Maidan-style uprising in Kazakhstan: mayor’s office ablaze, police beheaded

Last Sunday, a protest started in western Kazakhstan concerning the rising price of liquefied petroleum gas, which is used by many there to fuel their cars (ref. 1). On Tuesday, the government of Kazakhstan announced that it would rescind the price increase (ref. 1). But by then the unrest had spread to Almaty and the capital Nur-Sultan. In Almaty, the next day, a group carrying clubs and shields converged on the mayor’s office, and went on to storm the building and set it ablaze (ref. 2). They even attacked and killed dozens of police officers. One police officer was found beheaded (ref. 2). So far, 120 cars have been burnt, including 33 police vehicles, and some 400 businesses have been damaged (ref. 1). Clashes between protesters and police have seen hundreds of protesters and police in hospital and several dead.

In Kazakhstan, there has not been violent unrest like this for decades.

Unable to satisfy the protesters, much of the government of Kazakhstan has resigned. But even so, the protests continue. The protesters have now seized the country’s main airport (ref. 1).

Reuters on unrest in Kazakhstan
ITV on unrest in Kazakhstan

This is beginning to look like a Maidan-style uprising, and even an Arab spring.

Euromaidan in Ukraine began as a protest, but was subsequently hijacked by Ukrainian neo-Nazis, and then later even involved the CIA – that is to say, the three snipers from Georgia and the two from Lithuania and their American leader that opened fire on both the protesters and Ukrainian Berkut to further agitate the unrest.

RT on Maidan snipers

By the way, the word “maidan” is an Arabic word that Ukraine adopted from the Ottoman Empire.

Kazakhstan is now under a state of emergency.

Chairing the security council of Kazakhstan, President Kassym-Jomart Tokayev called for support from the Collective Security Treaty Organisation, CSTO, because the integrity of the state of Kazakhstan is at risk, and what is happening is not only “criminal” but “terrorism” (ref. 3).

Today, Kazakhstan is 72% Sunni Muslim. Within this group are ethnic Kazakhs, Tatars and Uighurs. About 23% of Kazakhstan is Russian Orthodox. Within this group are Russians, Belorussians and Ukrainians.

To help Kazakhstan re-establish order, a Russian-led CSTO peacekeeping force is on the way there.

Russia’s Foreign Ministry said yesterday that the destabilisation of Kazakhstan is no doubt “foreign-inspired” (ref. 4). Belarus also noted that the incidents across Kazakh cities were obviously “coordinated and planned” (ref. 4). Serbia went further, saying they know that “foreign intelligence services” are to blame (ref. 4).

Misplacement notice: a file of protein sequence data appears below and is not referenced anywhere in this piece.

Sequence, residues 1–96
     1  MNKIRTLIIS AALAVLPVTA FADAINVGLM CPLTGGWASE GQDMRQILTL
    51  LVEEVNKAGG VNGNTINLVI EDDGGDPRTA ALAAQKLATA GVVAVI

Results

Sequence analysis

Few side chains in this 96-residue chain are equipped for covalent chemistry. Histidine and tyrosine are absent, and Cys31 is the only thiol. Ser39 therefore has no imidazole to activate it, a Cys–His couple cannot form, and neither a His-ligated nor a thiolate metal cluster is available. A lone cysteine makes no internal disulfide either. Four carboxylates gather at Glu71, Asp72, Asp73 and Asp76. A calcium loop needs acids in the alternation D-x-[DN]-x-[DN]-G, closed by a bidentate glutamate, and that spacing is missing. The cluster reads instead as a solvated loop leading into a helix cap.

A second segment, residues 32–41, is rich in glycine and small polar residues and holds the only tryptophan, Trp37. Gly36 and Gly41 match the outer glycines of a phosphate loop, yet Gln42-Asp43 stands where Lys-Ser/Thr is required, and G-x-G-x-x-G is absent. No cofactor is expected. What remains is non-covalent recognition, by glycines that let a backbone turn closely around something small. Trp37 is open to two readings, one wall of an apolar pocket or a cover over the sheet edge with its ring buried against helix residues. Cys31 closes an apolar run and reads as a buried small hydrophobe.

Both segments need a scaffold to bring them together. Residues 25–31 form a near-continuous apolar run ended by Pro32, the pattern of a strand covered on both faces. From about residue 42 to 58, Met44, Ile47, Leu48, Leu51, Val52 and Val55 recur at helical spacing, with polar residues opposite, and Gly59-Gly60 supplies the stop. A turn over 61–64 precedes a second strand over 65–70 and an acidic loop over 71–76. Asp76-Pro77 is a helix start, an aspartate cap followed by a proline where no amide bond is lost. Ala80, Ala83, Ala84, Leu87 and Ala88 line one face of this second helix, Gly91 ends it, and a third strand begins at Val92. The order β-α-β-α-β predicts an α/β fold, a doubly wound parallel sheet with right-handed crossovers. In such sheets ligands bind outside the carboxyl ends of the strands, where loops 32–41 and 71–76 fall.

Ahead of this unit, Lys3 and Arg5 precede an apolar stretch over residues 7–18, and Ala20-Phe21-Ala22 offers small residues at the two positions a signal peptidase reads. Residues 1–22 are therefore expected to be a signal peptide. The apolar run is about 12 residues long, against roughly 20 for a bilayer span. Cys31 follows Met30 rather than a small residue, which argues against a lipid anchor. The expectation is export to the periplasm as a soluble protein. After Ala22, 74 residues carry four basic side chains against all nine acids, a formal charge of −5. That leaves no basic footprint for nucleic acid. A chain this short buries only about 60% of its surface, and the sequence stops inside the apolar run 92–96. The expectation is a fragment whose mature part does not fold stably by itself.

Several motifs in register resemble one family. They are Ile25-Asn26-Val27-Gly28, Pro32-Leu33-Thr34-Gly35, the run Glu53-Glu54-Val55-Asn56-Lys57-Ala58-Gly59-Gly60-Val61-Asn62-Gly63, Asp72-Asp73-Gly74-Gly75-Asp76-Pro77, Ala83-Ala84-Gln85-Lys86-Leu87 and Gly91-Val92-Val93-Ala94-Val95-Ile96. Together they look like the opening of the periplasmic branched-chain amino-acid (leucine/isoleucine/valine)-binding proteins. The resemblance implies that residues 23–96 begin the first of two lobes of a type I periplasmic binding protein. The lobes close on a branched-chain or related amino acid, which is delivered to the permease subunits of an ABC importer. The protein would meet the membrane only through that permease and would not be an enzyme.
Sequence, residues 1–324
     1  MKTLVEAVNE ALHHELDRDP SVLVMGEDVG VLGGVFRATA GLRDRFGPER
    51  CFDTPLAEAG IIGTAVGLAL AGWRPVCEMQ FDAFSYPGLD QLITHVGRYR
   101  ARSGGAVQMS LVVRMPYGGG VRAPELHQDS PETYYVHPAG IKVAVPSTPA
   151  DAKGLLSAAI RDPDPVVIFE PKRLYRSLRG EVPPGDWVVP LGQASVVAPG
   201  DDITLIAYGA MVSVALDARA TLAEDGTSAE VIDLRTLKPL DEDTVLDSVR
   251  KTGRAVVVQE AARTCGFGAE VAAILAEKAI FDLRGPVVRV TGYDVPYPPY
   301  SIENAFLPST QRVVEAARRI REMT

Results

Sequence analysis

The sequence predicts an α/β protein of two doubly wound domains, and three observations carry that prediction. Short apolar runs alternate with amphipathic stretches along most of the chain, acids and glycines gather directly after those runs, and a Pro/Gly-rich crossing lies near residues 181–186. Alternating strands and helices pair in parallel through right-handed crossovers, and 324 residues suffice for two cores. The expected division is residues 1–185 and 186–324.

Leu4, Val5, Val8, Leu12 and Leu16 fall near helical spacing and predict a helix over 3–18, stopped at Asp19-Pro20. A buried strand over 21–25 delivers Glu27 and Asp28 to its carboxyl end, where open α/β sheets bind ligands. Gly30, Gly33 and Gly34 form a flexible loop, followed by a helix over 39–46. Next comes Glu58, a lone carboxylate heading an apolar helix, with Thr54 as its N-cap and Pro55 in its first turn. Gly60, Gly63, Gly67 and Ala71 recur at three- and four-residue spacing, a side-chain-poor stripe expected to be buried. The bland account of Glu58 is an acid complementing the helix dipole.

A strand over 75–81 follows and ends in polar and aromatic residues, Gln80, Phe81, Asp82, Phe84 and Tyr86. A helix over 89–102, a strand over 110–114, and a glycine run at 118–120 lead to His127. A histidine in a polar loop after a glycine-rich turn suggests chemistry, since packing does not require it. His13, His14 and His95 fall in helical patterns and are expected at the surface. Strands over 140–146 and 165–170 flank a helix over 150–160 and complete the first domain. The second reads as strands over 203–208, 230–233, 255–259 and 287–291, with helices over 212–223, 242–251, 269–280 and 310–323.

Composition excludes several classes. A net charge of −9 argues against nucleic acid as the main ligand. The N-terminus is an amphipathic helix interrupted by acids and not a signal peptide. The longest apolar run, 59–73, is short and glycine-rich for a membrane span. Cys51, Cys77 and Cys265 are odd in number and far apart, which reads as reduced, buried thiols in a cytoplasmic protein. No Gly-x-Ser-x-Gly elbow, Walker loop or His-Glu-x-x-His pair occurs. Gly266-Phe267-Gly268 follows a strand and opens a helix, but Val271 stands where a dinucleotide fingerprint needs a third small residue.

Certainly, the timing of it all is suspicious. Russia and the US are almost in a state of war over Ukraine and NATO’s steps eastward. If Kazakhstan’s Tokayev were to be toppled as Ukraine’s Yanukovych was, Ukraine and Kazakhstan would become a pincer for NATO against Russia.

Kazakhstan is also currently within China’s Belt and Road initiative. A different Kazakhstan might change that.

Despite Kazakhstan having a majority of Sunni Muslims, I don’t think Kazakhstan generally will align with the prophetic fourth beast. Iran, yes. Afghanistan, sure. But Kazakhstan, no. Kazakhstan is not only within the CSTO, it also borders both Russia and China.

For that matter, modern-day Kazakhstan is not within the boundaries of either ancient Medo-Persia or the Greek empire of Alexander the great. Seleucia also did not include the lands north-east of the Caspian sea.

That said, the fourth beast, which will be an empire unlike any the world has ever seen, will surely break some nations into pieces. This means, there will be violence across the world, wherever there are fanatical Muslims.

Thus he said, The fourth beast shall be the fourth kingdom upon earth, which shall be diverse from all kingdoms, and shall devour the whole earth, and shall tread it down, and break it in pieces.

Daniel 7:23

Indeed, it seems, some of the Muslims of Kazakhstan have gone berserk ahead of time.


1. Valerie Hopkins and Ivan Nechepurenko (5 January 2022), “Russia-Allied Forces to Intervene as Unrest Sweeps Kazakhstan”, nytimes.com

2. ABC (7 January 2022), “Kazakhstan officer beheaded, protesters killed as government offices are targeted amid unrest”, abc.net.au

3. Astana Times (6 January 2022), “President Tokayev Vows Decisive Measures Against Terrorists Rampaging Through Almaty, Calls For CSTO Support at the Security Council Meeting”, astanatimes.com

4. CGTN (6 January 2022), “Russia says Kazakhstan protests ‘foreign-inspired’ attempt to undermine state security”, cgtn.com